We’re an online journal of politics and foreign affairs analysis. For the most part, our views are Classical Liberal: a strong belief in free trade, limited government, and respect for human rights. We aim to have informed, polite conversation about the issues we find interesting.
Outside the Beltway was launched on BlogSpot on January 31, 2003 by James Joyner. It moved to its current domain on April 4 of that same year after the frustrations of Blogger’s service became too much to bear.
The site’s moniker was both descriptive and ironic: James had moved from Troy, Alabama to the Washington, D.C. exurbs of Dulles, Virginia to take a job in the publishing industry five months earlier. So, an author with a decidedly outside-the-Beltway mindset was now living in very close proximity to said Beltway.
OTB got some notoriety within a few weeks of its launch because it coincided with the controversial debate leading up to the Iraq War and its author was one of a relative handful of bloggers at that time with combat experience and academic training in national security policy. Early notice by ScrappleFace’s Scott Ott and VodkaPundit’s Stephen Green led to OTB’s first InstaLanche on March 13, 2003. All of which seems quaint a decade and a half later but, in those early days, long before Facebook and Twitter, blogging was social media and very much communal. In addition to much more linking to other blogs than would be the norm even four or five years later, there was a lot more navel-gazing. Blogging about blogging (and the various linkfests, ranking systems, traffic spikes, media commentary on blogging, etc.) was a cottage industry.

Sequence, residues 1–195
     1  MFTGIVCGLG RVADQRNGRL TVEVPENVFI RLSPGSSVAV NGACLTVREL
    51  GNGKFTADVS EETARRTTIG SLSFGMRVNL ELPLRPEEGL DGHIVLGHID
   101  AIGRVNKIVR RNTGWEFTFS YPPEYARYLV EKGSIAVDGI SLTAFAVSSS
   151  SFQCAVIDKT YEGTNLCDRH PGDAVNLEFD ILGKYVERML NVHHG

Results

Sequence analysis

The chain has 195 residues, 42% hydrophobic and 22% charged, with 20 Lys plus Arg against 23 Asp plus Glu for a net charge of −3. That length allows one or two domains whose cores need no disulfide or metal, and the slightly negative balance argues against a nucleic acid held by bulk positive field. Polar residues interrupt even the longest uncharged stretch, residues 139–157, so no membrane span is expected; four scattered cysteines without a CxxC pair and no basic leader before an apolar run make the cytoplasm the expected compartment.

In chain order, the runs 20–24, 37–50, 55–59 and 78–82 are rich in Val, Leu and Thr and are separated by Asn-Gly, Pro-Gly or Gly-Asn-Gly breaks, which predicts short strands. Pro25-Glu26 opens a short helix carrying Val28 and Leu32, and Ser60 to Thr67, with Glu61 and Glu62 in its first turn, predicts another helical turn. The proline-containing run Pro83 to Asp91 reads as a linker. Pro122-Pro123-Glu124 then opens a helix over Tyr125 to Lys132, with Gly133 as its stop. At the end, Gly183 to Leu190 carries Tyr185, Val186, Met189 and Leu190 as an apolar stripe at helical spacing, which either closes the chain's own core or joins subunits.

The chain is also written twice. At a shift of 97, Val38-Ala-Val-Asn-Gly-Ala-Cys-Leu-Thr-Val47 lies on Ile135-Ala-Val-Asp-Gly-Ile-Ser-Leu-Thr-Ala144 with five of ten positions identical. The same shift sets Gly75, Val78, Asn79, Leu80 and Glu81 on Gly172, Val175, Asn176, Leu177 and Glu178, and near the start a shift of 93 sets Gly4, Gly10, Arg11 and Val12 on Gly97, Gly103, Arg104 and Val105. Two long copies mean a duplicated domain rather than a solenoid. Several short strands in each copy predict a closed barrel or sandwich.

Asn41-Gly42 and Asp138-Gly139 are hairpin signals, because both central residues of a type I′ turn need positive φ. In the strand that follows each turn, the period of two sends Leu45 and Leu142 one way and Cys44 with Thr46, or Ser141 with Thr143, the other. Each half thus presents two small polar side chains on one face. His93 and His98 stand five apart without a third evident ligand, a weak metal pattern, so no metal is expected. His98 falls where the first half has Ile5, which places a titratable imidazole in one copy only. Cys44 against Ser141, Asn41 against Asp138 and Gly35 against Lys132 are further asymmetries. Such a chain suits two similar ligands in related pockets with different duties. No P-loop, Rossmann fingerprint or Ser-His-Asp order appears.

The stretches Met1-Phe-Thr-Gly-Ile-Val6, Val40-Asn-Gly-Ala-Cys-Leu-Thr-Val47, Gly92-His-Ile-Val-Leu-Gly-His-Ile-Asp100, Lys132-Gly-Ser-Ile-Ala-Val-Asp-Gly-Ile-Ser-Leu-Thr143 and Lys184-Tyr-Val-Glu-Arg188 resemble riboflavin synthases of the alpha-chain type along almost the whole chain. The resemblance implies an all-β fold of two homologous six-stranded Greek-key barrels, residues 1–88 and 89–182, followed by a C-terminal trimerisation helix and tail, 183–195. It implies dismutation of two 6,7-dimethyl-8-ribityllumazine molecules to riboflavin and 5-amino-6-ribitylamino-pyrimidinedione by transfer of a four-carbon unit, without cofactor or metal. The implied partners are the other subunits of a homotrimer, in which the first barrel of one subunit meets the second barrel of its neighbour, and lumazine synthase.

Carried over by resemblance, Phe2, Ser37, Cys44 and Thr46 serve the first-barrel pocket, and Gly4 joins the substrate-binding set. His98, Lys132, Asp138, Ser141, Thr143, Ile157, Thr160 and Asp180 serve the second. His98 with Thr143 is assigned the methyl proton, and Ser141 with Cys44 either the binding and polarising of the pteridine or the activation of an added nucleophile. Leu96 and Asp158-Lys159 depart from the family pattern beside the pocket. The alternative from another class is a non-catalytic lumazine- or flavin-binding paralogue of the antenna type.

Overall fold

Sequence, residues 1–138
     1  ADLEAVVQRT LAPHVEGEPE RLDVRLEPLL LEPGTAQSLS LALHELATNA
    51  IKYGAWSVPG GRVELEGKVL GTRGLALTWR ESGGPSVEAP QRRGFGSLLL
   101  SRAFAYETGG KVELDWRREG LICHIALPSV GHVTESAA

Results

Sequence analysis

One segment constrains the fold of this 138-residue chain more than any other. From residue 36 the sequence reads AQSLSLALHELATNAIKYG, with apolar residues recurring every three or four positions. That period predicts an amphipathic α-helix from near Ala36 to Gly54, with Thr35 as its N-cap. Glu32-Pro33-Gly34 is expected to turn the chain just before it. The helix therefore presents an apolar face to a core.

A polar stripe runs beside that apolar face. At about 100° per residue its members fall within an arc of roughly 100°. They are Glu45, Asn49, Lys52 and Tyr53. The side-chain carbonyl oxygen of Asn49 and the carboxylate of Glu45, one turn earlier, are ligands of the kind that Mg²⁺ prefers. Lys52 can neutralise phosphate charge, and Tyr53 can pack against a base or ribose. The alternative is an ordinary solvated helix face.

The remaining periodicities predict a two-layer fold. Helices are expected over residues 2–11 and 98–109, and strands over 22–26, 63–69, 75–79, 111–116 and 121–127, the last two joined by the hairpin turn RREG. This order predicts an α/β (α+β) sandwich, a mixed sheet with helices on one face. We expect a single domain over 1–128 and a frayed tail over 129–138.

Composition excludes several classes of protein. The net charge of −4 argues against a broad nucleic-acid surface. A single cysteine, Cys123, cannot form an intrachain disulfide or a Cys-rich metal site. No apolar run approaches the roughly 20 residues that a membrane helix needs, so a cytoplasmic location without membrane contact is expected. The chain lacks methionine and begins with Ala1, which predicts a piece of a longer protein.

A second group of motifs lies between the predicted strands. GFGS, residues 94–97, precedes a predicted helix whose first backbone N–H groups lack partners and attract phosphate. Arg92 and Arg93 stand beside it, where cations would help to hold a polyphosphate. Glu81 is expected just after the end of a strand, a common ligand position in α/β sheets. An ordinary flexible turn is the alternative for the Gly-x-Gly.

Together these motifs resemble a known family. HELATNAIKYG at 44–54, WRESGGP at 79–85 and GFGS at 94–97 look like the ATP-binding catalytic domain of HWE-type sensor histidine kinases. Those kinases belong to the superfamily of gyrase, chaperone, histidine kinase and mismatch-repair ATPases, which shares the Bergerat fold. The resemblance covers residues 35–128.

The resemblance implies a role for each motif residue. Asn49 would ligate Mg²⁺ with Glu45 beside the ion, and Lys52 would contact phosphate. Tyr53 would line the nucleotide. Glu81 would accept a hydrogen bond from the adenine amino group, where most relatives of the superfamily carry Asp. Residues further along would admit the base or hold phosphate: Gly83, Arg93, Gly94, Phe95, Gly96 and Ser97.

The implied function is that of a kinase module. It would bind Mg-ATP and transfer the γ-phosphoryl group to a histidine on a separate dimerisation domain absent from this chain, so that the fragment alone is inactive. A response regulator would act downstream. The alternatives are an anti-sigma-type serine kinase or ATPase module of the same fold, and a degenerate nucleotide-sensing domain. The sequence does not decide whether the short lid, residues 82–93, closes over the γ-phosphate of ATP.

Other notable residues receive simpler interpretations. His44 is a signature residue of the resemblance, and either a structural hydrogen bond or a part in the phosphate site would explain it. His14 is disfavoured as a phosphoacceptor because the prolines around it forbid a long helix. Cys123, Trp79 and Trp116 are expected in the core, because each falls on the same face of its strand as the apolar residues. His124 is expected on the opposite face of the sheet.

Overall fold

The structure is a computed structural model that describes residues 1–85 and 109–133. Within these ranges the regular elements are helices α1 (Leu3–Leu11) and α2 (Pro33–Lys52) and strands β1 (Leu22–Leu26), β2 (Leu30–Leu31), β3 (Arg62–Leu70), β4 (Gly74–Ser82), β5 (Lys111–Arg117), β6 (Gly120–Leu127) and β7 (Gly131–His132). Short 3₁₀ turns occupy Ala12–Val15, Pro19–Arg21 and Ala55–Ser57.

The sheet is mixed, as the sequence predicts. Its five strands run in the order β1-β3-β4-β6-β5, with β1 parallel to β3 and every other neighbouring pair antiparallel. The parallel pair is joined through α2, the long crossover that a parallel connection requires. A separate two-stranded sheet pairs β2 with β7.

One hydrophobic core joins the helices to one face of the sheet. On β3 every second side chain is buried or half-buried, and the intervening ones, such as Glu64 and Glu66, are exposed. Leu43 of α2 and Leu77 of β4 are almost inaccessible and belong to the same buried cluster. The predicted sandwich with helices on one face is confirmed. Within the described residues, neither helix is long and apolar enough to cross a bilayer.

On November 6, 2004, Steve Verdon, Robert Garcia Tagorda, “Rodney Dill,” “Dr. Leopold Stotch,” and Kate McMillan began a guest posting stint while James was on vacation and they stayed on as co-bloggers upon James’ return. OTB has been a group blog ever since. Current front-pagers Steven L. Taylor and Doug Mataconis joined the team in November 2006 and May 2010, respectively.
Winner, 2006 Golden Dot Award for “Best Blog,” awarded by The George Washington University’s Institute for Politics, Democracy and the Internet.
Finalist 2008 Weblog Awards for “Best Major Blog.”